PASADENA — Until last week, the five judicial candidates vying for an open seat on the Municipal Court bench here were engaged in a polite and uneventful June 3 primary race.
But controversial ratings released last Thursday by the Los Angeles County Bar Assn. have caused tempers to flare among the five first-time candidates in the nonpartisan election.
Of the five, only Deputy Dist. Atty. Judson Morris received a "well qualified" grade, the highest of three ratings given by the association.
Attorneys Bill Paparian and Helen Bunt Smith were rated "not qualified" to hold the office, grades which angered both. Municipal Court Commissioner Kevil W. Martin said he was equally disturbed by the "qualified" rating he received.
FOR THE RECORD - Broader Scope for Candidate's Practice
Los Angeles Times Thursday May 29, 1986 Home Edition San Gabriel Valley Part 9 Page 15 Column 4 Zones Desk 1 inches; 35 words Type of Material: Correction
An article in the May 22 San Gabriel Valley section described Municipal Court Judge candidate Helen Bunt Smith as a family law attorney. Smith's legal practice also handles other types of cases including probate, personal injury and criminal matters.
Rated as 'Qualified'
Municipal Court Commissioner Robert Lutz was rated "qualified," a mark that he said does not "unduly concern" him.
Paparian and Smith accused the association of political favoritism in its rating procedures and said, as did other Superior and Municipal Court candidates in Los Angeles County who received unfavorable marks, that the system is unfair.
"I really think that what you're looking at is a courthouse popularity contest," said Paparian, who has emerged as a spokesman for Pasadena's increasingly vocal and influential Armenian community. The 37-year-old attorney, while admitting that he was angered by his rating, said he doubted it would have any effect on the primary election.
"I would be concerned if I thought the evaluation had any integrity and was a fair one," he said.
Lack of Experience Cited
Paparian was rated as "not qualified" because he "lacks experience necessary to be a judge of the Municipal Court," the association's rating report said.
The bar association has rated judicial candidates since 1976, using confidential questionnaires and interviews with candidates and their professional associates. An association committee then ranks the candidates as "well qualified," "qualified" or "not qualified" based on professional ability, experience, integrity and temperament. Those who receive less than the highest rating are invited to address the committee. Smith, Paparian and Martin said they had done so, but were not satisfied with the results.
The association does not reveal specific information involved in the ratings, a practice that infuriated Smith, 43, a Pasadena attorney rated "unqualified" because she "lacks the judicials skills necessary to be a judge of the Municipal Court," the association's report said.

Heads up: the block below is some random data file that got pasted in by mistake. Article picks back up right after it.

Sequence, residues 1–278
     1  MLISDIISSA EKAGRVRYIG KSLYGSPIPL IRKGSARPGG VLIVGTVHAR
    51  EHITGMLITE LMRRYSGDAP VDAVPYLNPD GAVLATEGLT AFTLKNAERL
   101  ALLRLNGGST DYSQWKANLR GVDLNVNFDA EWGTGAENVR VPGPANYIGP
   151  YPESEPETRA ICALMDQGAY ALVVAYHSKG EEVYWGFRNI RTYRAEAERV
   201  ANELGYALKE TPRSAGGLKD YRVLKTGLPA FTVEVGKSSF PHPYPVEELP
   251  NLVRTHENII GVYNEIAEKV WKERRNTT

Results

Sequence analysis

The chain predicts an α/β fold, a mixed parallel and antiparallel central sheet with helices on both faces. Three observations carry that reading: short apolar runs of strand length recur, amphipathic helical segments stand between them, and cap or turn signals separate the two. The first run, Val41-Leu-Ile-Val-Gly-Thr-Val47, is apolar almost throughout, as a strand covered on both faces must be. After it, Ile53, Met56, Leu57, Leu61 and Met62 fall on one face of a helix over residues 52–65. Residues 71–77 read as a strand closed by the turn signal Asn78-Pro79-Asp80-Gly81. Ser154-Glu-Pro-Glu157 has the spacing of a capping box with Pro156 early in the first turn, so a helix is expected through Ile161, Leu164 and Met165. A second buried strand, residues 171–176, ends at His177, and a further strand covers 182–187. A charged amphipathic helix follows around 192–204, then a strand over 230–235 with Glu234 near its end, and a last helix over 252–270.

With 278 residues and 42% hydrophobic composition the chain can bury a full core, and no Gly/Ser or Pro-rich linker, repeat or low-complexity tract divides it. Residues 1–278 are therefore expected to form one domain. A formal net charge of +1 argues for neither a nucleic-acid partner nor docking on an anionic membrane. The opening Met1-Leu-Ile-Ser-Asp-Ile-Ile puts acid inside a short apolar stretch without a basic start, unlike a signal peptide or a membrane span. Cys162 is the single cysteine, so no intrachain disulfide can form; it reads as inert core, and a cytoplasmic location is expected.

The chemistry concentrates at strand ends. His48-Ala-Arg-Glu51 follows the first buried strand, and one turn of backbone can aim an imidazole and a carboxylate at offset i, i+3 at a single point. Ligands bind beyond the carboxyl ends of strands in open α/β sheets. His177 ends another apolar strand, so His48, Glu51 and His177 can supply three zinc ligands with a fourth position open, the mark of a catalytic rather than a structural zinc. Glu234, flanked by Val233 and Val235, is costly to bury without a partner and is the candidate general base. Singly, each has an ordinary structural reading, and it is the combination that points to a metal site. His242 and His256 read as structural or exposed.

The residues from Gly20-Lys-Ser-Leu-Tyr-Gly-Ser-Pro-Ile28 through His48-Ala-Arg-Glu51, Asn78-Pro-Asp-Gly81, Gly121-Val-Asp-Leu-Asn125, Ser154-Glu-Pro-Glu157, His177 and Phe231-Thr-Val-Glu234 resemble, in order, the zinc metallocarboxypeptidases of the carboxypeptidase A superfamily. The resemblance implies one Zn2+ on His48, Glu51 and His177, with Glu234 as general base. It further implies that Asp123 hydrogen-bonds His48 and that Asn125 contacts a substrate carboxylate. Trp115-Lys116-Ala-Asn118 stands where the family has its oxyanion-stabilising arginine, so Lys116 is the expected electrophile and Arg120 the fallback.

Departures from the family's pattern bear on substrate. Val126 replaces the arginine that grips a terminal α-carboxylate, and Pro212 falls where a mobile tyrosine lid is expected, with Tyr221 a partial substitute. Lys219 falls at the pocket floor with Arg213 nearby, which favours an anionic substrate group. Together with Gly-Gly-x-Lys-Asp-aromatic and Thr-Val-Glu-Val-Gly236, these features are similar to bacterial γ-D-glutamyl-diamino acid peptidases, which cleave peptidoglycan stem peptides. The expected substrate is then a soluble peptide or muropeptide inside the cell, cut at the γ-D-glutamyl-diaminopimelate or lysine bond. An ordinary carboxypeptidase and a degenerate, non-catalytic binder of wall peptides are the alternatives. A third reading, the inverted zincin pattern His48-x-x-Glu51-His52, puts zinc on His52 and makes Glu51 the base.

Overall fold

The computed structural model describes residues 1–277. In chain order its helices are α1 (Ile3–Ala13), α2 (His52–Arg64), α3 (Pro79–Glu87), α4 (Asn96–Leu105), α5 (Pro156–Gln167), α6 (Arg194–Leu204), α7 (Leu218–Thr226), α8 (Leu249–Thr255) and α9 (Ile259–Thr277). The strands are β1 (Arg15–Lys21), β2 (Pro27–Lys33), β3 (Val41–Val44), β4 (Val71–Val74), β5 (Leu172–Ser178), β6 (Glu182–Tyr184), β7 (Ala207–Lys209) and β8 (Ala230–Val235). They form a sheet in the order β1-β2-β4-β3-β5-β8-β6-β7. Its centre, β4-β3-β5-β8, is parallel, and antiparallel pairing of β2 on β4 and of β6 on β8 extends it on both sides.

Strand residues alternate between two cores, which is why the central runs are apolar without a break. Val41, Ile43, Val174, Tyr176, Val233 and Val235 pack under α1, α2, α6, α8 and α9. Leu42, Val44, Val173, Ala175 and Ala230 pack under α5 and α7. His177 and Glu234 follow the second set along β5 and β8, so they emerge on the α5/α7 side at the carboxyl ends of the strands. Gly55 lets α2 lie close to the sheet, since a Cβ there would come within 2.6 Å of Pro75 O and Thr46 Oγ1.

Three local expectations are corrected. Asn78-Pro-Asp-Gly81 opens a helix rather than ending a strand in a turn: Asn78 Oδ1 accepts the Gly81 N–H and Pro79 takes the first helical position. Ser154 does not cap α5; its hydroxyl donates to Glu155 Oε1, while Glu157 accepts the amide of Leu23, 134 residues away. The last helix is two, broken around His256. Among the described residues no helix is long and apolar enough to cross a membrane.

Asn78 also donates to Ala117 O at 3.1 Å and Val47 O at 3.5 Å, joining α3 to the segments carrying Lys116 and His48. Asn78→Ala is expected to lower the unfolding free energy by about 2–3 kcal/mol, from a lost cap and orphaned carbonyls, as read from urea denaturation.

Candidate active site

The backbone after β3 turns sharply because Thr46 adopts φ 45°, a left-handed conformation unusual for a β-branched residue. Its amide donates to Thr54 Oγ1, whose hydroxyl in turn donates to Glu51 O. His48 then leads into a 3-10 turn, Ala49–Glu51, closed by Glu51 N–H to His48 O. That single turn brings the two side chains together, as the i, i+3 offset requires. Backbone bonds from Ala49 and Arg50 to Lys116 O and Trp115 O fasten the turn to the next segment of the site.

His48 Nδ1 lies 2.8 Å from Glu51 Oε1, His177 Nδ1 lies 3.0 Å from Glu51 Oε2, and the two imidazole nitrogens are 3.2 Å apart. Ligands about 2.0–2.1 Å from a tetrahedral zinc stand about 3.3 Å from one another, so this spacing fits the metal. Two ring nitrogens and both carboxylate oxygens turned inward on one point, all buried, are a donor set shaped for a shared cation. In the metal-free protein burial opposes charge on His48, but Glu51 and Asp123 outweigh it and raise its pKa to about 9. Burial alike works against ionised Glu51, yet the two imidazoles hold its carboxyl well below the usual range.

Practicing for 13 Years
"How can you answer something that isn't even defined and, second of all, how can you answer it when you don't even know what it is?" Smith asked. "I've been practicing law for 13 years, doing all sorts of things, so I don't know what they mean."
In responding to such criticism, Donald Wessling, chairman of the committee that evaluated the candidates, said, "It doesn't surprise me that someone who is disappointed with their evaluation would seek to find fault with it.
"But the committee does receive information that is given in confidence," Wessling added. "If you were to reveal who the information is from, you would find that those who have information would be reluctant to give it."
'It's So Unfair'
Smith, who is married and has two children, said she did not know what effect the rating would have on her campaign. "It's so unfair of a system. . . . I just hope the public will understand this," she said.
Morris, who was rated "well qualified" by the association, said he found no fault with the rating procedure. "I have every confidence in the rating system, which is easy for me to say, of course."
The five candidates in the Pasadena Judicial District, which has about 120,000 registered voters and encompasses Sierra Madre, San Marino, South Pasadena, Pasadena and portions of Temple City and Altadena, are vying for the office being vacated by Municipal Court Judge Samuel L. Laidig, who is retiring after 15 years on the bench. To avoid a runoff in the November general election, a candidate must receive more than 50% of the votes cast.
Economics Over Ego
Municipal Court Commissioner Martin said his decision to seek higher office was "really economic for me, rather than ego." In Pasadena Municipal Court, Martin said, commissioners and judges perform virtually the same duties. "The reason I'm running," he said, "is there's a little bit of an increase in pay and the retirement system is a hell of a lot better. As long as I'm doing the job, I figured I might as well have the title, too."
Martin, 43, has more than 14 years of experience in legal affairs, having worked six years in the Pasadena city prosecutor's office and two years in private practice before being appointed a commissioner in 1981. He is divorced and has two children.